Bira Urges Swift Reopening of Empty Wilko Shops to Revive High Streets

Retail trade association, Bira, has called for for the speedy reopening of the former Wilko shops that closed following the company’s recent administration. 

The British Independent Retailers Association (BIRA), which works with over 6,000 independent businesses of all sizes across the UK, said they hoped to see the 280 empty shops left behind after the closure of Wilko’s are soon to be reopened and revitalised.

Wilko entered administration at the beginning of August, resulting in over 400 store closures and the loss of 12,500 jobs.

Since the administration, several major retailers have acquired former Wilko sites, signaling a positive development for high streets across the UK. Poundland, in particular, has purchased 71 of these locations.

They already opened 10 stores by the end of September and plan to open an additional 10 more at the start of October. B&M has also entered the scene by purchasing 51 Wilko stores, and its anticipated that news will be released in November regarding which locations will be reopened and when. The Range, in a £5 million deal, has also shown its commitment to bringing life back to empty Wilko premises.

However it still leaves 280 empty and boarded up shops across the country.

Andrew Goodacre, CEO of Bira said: “We recognise the importance of reoccupying these vacant retail spaces as swiftly as possible to revitalise high streets and local communities. As independent retailers across the UK face ongoing challenges, the reopening of these empty stores will undoubtedly have a positive impact.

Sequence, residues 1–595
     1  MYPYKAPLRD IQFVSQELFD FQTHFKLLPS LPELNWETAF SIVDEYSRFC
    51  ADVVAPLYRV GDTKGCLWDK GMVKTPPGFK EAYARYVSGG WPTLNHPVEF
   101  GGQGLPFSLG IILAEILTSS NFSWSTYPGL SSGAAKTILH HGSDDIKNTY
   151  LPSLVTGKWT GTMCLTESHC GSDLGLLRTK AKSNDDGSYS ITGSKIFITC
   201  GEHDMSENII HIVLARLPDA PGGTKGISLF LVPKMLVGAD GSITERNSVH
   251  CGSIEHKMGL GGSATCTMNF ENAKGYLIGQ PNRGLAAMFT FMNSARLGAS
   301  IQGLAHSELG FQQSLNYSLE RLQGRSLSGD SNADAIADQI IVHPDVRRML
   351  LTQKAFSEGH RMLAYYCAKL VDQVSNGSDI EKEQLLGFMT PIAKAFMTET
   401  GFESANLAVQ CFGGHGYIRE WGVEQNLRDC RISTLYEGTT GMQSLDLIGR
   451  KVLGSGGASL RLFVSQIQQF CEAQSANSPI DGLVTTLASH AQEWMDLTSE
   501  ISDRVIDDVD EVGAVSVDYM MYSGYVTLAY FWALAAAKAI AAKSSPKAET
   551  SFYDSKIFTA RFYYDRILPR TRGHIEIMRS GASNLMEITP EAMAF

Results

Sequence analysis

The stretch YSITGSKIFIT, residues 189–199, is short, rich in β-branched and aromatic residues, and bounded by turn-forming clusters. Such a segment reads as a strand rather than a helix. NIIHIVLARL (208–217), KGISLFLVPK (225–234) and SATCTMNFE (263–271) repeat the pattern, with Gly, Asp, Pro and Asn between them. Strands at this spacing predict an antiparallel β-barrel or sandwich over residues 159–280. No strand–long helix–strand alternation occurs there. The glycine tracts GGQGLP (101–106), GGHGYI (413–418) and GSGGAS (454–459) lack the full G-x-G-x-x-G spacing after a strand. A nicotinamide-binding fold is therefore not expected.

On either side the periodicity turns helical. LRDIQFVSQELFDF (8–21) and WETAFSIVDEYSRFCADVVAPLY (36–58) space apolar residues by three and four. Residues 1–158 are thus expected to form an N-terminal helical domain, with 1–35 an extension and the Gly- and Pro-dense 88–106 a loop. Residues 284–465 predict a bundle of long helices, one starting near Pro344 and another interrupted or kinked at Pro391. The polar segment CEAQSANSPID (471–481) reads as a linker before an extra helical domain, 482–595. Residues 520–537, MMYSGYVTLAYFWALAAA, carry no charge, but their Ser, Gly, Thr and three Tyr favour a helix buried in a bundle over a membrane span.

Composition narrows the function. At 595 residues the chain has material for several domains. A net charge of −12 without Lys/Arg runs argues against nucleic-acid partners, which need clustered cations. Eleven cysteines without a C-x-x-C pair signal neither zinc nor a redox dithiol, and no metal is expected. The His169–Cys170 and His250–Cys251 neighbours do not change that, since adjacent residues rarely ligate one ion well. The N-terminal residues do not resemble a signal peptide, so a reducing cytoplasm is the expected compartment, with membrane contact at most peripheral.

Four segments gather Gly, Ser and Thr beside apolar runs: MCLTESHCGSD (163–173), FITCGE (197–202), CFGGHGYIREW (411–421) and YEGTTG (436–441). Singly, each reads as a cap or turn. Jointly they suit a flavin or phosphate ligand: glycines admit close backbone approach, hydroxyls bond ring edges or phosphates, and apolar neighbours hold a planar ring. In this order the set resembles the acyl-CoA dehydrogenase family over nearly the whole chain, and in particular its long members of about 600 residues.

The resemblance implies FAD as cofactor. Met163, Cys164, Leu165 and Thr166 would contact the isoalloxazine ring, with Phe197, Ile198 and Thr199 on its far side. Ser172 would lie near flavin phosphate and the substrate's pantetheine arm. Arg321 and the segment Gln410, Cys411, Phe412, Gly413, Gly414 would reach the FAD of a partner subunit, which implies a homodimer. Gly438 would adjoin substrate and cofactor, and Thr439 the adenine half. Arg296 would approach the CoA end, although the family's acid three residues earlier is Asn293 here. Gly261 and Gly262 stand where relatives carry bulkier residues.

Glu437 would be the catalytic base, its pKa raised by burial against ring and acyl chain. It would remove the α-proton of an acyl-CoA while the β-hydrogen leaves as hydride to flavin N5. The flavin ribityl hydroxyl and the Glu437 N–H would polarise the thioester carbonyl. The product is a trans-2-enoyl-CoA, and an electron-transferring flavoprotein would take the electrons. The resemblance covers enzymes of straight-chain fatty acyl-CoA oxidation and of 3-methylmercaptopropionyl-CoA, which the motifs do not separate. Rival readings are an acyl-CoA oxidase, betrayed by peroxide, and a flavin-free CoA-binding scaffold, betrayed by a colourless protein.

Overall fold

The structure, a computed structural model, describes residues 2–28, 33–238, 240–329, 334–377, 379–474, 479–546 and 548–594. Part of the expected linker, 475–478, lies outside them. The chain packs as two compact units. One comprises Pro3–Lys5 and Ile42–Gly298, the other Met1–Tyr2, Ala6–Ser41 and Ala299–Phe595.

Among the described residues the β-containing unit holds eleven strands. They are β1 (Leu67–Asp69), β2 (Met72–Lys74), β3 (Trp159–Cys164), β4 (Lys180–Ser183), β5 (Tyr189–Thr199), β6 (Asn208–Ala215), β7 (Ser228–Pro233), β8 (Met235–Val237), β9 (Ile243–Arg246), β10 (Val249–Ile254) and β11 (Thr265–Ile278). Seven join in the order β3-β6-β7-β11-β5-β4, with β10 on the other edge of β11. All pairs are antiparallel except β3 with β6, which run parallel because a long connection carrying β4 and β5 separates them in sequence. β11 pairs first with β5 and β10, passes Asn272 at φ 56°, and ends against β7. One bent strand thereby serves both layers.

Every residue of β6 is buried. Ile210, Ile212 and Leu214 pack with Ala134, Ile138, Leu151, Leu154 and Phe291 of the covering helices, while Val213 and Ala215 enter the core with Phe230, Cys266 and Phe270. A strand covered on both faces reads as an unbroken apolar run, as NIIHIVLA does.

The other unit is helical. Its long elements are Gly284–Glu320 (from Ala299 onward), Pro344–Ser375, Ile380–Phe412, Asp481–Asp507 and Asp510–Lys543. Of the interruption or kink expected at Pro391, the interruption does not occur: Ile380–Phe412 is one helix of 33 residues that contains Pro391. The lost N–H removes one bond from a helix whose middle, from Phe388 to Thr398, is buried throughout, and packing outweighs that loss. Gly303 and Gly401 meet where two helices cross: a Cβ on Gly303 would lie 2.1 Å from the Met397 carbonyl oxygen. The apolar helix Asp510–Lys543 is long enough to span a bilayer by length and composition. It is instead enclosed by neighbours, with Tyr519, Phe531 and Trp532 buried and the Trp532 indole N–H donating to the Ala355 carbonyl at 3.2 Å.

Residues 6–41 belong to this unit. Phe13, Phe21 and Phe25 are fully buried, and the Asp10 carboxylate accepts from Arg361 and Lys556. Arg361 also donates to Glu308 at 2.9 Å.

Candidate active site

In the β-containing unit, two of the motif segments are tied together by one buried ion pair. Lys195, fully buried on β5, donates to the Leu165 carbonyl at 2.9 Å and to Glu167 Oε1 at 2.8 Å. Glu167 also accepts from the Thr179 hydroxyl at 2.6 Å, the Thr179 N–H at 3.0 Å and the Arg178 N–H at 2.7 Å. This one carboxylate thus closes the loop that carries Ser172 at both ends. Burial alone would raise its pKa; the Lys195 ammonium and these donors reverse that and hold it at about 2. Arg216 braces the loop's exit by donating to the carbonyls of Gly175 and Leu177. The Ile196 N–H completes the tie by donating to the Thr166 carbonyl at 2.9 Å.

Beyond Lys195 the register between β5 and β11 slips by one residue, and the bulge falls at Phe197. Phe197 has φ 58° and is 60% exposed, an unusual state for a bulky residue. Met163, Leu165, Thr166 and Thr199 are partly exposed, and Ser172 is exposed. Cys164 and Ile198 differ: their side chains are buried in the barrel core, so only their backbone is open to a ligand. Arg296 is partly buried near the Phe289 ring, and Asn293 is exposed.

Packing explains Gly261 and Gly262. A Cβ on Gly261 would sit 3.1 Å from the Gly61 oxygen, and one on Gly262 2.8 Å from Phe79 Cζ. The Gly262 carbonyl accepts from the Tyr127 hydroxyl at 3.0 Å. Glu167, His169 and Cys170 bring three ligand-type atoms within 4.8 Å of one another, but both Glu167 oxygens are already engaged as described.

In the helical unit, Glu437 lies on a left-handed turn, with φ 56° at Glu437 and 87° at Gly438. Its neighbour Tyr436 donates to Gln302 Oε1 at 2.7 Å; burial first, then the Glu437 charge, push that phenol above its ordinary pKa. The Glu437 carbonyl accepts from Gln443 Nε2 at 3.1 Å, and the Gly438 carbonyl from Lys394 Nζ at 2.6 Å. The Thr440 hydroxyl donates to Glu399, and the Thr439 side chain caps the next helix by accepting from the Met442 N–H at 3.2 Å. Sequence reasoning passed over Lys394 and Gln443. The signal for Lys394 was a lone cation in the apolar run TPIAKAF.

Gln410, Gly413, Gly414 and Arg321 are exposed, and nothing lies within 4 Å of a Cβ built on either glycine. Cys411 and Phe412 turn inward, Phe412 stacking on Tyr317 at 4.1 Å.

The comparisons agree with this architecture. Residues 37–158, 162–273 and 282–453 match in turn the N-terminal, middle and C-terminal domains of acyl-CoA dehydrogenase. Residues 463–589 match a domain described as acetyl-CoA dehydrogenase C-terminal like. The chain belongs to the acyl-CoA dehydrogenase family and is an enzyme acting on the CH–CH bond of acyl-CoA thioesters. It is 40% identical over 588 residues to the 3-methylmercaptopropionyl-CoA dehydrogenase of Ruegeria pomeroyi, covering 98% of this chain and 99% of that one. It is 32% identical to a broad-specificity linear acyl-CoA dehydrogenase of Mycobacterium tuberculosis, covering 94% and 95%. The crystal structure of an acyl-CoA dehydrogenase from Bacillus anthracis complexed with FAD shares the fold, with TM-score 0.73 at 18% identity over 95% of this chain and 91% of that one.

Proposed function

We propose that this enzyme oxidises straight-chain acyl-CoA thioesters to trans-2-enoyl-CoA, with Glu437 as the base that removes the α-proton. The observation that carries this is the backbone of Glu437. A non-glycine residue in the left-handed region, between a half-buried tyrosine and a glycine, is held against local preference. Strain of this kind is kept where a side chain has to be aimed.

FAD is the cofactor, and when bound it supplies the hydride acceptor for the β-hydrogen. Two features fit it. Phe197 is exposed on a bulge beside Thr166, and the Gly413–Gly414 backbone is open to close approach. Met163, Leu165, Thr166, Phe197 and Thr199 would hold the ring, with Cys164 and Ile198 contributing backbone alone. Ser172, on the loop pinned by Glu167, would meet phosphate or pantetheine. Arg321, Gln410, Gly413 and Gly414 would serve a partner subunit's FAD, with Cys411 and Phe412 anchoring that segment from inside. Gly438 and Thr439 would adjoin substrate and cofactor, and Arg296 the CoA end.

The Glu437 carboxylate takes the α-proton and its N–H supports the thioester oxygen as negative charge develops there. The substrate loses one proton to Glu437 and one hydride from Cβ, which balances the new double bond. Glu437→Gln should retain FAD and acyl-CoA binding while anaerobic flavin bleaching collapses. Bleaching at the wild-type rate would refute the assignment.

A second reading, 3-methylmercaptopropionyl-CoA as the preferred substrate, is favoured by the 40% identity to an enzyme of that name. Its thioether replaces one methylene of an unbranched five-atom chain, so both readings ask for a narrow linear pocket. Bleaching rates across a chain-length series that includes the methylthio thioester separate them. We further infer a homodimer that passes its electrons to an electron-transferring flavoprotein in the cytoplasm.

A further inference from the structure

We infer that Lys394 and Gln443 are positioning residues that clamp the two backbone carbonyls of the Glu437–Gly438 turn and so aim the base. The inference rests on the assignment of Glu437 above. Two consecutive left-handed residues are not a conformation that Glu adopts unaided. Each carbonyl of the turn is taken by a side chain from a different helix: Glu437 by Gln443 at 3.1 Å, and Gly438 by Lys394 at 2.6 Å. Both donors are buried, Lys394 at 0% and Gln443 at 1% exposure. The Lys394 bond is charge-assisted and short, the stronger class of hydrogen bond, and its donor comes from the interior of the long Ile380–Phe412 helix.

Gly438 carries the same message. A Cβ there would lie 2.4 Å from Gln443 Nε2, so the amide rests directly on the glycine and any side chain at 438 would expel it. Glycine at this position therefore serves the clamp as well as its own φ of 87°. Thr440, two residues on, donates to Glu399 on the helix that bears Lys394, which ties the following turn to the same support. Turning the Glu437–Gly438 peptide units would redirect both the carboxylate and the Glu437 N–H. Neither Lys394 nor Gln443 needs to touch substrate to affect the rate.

“Boarded up shops are a blight on the high street landscape, especially prominent sites such as these. Vacancy rates on the high street are already high at 13.8% so we need landlords and local authorities to be creative and bold to bring these shops back into use. This year we have already highlighted successful regeneration projects where either rents or rates (or both) have been reduced to bring empty units into use, with longer term benefits.”

“ONS figures still show that 70% of shoppers still want to shop on the high street, and entrepreneurs still want to trade in physical stores but we need to remove some of the barriers. We should also look at opportunities for leisure, culture and hospitality options – repurposing does not have to focus on retail,” he added.

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